I’ve got some amazing news, but first: a quick heads-up on a super short #IndieApril Sale April 1-3 at Narratess!
And, in other news, I’m excited to have just been accepted into The Writers’ Union of Canada! Check out my new speaker’s profile here. I’ll be eligible for funding going forward under the Ontario Writers-In-The-Schools and the National Public Readings programs, so schools and organizations interested in booking an author visit, presentation, or workshop, please get in touch!
And finally, the contract isn’t actually signed yet, but I’ve just had an offer on a short story I never thought would actually find a home, so buckle up for . . .
The Astonishing Case of the Zombie Sub
If you’ve ever tried to create something, you’ve probably realized in pretty short order that a gap (ahem: yawning chasm, void, black hole, unscalable cliff of doom) exists between what you envision and what you’re able to create.
This is true regardless of the form your creation takes and, to some extent, regardless of skill level, experience, talent, etc.
That’s not to say that you can’t get better at narrowing the gap. A baby artist takes time to gain mastery over her tools. But even a master has that final thread of uncrossable, unscalable, ineffable something more to keep her awake at night.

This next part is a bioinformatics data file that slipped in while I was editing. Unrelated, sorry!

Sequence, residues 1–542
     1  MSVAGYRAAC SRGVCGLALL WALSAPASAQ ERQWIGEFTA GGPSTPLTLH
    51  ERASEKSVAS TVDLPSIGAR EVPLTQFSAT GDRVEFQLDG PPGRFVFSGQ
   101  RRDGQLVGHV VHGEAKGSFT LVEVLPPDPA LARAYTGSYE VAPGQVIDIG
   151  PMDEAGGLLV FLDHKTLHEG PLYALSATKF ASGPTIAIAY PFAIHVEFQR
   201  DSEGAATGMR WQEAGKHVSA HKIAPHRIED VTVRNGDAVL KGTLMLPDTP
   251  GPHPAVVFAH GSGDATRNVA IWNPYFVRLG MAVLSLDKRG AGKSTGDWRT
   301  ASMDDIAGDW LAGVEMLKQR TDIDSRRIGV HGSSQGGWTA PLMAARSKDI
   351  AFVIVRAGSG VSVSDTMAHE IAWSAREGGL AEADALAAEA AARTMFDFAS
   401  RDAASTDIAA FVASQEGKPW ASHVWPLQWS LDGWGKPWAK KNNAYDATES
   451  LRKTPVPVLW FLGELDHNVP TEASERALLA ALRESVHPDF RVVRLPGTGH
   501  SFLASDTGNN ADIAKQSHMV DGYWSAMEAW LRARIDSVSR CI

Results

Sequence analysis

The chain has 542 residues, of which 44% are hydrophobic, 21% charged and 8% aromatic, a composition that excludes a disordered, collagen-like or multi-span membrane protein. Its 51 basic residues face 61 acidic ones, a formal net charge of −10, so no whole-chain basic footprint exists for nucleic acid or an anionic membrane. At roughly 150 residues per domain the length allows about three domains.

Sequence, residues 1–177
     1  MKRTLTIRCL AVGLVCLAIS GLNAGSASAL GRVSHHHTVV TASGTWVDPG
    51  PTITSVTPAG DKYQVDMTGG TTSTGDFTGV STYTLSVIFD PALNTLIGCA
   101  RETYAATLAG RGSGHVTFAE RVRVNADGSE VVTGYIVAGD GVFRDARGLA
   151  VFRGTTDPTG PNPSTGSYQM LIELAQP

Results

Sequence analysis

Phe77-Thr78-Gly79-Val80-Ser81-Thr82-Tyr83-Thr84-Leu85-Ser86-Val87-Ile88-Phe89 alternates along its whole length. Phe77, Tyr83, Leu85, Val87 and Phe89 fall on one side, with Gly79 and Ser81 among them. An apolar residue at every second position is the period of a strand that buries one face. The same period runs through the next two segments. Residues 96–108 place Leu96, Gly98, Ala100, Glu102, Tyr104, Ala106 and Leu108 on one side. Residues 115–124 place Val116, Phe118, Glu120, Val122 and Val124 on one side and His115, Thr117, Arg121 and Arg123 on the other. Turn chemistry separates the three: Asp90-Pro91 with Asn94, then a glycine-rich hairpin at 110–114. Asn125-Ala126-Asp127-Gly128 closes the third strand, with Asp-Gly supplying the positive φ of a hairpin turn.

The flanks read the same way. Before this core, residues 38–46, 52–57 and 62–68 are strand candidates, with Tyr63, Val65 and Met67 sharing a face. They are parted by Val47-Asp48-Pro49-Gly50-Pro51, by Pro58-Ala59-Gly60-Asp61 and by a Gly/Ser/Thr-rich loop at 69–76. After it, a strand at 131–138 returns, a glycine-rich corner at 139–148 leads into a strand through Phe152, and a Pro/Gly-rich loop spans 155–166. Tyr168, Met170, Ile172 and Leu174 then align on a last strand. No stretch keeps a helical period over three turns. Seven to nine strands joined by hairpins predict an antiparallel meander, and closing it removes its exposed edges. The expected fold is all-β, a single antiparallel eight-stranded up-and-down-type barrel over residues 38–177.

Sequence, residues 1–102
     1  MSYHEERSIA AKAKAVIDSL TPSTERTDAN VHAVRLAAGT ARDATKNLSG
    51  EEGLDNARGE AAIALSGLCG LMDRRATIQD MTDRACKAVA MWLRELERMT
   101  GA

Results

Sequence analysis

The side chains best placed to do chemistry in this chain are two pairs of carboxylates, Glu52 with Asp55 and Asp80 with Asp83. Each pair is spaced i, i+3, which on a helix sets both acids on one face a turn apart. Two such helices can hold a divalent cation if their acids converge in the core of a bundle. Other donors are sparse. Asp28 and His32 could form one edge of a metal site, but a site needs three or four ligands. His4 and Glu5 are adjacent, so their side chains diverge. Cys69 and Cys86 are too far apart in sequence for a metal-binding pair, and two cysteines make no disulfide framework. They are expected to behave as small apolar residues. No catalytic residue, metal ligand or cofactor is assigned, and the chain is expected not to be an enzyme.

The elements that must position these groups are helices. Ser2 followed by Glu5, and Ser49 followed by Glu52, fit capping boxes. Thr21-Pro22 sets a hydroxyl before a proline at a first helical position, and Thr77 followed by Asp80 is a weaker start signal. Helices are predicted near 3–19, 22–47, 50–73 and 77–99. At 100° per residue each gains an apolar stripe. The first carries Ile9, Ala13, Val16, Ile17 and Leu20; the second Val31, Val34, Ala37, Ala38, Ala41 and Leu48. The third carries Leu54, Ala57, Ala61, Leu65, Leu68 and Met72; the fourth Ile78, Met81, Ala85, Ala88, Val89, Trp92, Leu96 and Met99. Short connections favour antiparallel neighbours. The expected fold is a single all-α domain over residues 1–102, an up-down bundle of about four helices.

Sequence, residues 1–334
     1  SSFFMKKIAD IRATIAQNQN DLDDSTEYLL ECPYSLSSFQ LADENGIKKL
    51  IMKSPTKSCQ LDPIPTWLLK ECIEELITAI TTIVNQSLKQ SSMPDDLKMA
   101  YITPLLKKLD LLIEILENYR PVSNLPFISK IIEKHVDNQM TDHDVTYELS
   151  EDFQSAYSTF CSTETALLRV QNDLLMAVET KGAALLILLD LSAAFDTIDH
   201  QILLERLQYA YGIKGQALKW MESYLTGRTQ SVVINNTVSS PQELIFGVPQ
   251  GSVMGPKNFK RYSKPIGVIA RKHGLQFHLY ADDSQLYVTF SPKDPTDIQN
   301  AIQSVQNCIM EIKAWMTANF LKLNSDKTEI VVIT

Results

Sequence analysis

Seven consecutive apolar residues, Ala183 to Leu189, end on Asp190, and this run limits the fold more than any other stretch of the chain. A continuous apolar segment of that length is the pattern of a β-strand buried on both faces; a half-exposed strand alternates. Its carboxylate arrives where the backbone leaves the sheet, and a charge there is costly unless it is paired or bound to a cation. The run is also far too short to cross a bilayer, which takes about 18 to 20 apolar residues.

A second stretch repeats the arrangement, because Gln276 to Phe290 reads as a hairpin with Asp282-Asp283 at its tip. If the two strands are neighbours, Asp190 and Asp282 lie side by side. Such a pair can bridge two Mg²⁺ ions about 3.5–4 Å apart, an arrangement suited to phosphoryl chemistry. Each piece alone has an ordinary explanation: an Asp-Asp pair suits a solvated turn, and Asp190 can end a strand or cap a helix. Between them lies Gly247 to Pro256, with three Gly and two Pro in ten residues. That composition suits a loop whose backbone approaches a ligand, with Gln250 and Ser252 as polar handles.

Every story is, at some level, a battle to translate as clearly and completely that perfect, unattainable vision into imperfect words on a page.
Case in point: in 2019 I set out to capture an idea about a girl who chose to silence herself in order to win her heart’s desire.
It was loosely inspired by Scottish folklore—Thomas the Rhymer, cursed to speak only the truth, The Fiddlers of Tomnahurich, lost from their own time and stranded in a future they didn’t choose or understand, Tam Lin, stolen away by the queen of fairies, or maybe the stealer of virtue himself, destined for sacrifice—and set in a remote corner of modern Scotland where slow decline and struggle for survival roils beneath an idyllic tourism-oriented veneer.
My first attempt was the lyrical, folkloric “A Song of Dark Things,” a longish short story that sold immediately to Unknown Realms: A Fiction-Atlas Press Anthology.
But it didn’t fully capture the depth of what I wanted, the underlying motivation and tension. So I tried again. And again.
The third attempt was something new, something vital and alive and completely different from anything I’d written before. It switches perspectives, introducing an outsider’s view and voice, along with a whole new set of problems and possibilities. And it ended up being the start of something far bigger than I could finish back in 2019. You’ll get a look at it one of these days—it’s now the first chapter in the series I’ve been referring to as Songstress WIP.
But let’s circle back to that second attempt. The weirdest one in the Songstress triptych of tales about fae and rockstars and tricksters breaking barbed promises.
“Calloused” was the shortest, strangest, most difficult story of the three by far.
It jitters between past and present from one scene to the next. It’s entirely narrated, the “action” hinging on quiet, fierce interiority of purpose. While it racked up its share of wonderfully encouraging comments (and...